Sunday, August 30, 2009
The Necessity of Limitations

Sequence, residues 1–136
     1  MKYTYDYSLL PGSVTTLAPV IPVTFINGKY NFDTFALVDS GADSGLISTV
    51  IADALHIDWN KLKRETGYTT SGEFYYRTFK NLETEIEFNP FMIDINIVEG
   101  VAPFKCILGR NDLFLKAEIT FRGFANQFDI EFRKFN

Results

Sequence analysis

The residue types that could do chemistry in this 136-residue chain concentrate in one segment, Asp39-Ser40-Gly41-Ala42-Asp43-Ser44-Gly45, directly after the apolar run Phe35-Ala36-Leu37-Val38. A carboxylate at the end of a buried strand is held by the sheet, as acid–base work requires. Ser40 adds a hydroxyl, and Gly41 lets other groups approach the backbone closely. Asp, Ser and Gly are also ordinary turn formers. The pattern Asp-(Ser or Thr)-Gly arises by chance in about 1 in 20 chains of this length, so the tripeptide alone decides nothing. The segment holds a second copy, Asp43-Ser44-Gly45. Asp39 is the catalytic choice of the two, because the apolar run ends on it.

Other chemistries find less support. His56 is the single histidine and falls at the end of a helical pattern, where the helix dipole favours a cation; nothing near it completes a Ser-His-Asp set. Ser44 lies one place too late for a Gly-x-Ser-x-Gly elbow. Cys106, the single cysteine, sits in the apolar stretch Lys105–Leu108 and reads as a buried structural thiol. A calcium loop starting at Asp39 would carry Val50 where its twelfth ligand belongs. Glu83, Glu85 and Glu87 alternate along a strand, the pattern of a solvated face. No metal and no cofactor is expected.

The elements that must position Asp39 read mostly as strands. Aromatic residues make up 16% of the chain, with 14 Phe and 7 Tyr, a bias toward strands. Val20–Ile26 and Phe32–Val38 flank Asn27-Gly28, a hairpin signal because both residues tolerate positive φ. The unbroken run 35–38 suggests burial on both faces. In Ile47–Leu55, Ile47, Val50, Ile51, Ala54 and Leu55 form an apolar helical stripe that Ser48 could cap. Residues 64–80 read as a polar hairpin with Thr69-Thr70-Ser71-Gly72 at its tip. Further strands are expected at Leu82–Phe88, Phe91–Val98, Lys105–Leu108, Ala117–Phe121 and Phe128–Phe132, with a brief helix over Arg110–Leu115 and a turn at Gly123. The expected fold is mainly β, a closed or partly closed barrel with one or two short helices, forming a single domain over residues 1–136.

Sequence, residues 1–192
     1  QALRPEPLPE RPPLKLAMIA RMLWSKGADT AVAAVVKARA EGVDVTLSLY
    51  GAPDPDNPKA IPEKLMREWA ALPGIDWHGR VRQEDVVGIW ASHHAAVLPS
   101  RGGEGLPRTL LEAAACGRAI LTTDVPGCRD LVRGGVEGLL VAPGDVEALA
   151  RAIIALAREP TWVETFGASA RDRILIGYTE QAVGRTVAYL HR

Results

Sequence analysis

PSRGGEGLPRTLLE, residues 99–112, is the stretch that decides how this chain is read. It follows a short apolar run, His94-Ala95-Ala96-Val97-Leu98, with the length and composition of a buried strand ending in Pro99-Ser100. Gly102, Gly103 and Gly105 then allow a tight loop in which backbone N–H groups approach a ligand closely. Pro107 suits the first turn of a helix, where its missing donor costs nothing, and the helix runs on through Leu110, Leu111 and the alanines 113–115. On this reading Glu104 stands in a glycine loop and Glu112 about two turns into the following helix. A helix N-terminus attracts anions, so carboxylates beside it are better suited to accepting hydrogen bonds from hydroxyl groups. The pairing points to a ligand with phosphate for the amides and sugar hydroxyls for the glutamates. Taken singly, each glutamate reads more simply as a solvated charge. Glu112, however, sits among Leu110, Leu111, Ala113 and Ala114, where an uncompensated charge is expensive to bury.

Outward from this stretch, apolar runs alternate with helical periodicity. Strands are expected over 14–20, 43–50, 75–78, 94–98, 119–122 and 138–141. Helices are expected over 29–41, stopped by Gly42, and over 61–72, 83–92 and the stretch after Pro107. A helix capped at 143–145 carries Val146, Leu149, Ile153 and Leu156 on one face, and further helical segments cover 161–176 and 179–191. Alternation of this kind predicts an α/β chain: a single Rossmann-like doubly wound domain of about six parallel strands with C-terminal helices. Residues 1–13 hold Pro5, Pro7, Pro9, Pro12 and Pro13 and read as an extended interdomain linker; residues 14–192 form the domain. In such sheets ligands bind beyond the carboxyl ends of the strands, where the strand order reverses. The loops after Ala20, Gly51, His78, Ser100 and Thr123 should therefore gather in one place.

Observe the mantra of the arrogantly pretentious, pseudo-creative buffoon: “No Limits.” This statement, though superficially innocuous and creatively inspiring, is a load of sophomoric tripe. So far removed from the grit of real creation is this utterance that it isn’t even qualifiable as an ideology or mode of operation. It is a childish illusion. Limitations are the framework within which all tangible creation occurs. Limitations provide the ground upon which you stand. Without limitations, one is left groundless, non-referential, irrelevant, and often altogether unintelligible. The confines of language (as art is ultimately a language) provide the architecture and context for a statement. Meaning is made possible by limitations. Precision is made possible by limitations. Creation is made possible by limitations. The absence of limitation, confinement, boundary, and rule is the absence of form and structure. This is not to say that immutable, inflexible, permanent values need be established and respected. Values are only values. There is no cause for allegiance to a value. Values should be constantly re-evaluated in order to remain current and relevant. They should be relevant in the context of creation. To be red is not to be blue. This is a limitation. These colors are only as we define them, and that definition entails that they are not anything other than what they are. Limitations do not imply lack of vision or innovation. They provide structure. It is the correct balance of limitation and creativity that nurtures an ideal environment for the creation of art.